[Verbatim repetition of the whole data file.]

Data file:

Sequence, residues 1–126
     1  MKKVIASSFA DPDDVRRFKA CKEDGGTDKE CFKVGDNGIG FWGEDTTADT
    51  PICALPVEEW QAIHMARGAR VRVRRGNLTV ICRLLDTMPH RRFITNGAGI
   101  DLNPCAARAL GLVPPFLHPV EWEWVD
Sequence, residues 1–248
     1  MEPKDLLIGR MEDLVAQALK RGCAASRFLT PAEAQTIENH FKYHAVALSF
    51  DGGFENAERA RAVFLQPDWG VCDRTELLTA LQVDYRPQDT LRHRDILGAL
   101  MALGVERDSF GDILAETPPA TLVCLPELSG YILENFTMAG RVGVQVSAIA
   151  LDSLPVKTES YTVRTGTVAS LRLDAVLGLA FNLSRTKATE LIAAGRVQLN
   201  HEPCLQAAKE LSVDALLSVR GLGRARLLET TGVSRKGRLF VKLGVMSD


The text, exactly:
Sequence, residues 1–126
     1  MKKVIASSFA DPDDVRRFKA CKEDGGTDKE CFKVGDNGIG FWGEDTTADT
    51  PICALPVEEW QAIHMARGAR VRVRRGNLTV ICRLLDTMPH RRFITNGAGI
   101  DLNPCAARAL GLVPPFLHPV EWEWVD
Sequence, residues 1–248
     1  MEPKDLLIGR MEDLVAQALK RGCAASRFLT PAEAQTIENH FKYHAVALSF
    51  DGGFENAERA RAVFLQPDWG VCDRTELLTA LQVDYRPQDT LRHRDILGAL
   101  MALGVERDSF GDILAETPPA TLVCLPELSG YILENFTMAG RVGVQVSAIA
   151  LDSLPVKTES YTVRTGTVAS LRLDAVLGLA FNLSRTKATE LIAAGRVQLN
   201  HEPCLQAAKE LSVDALLSVR GLGRARLLET TGVSRKGRLF VKLGVMSD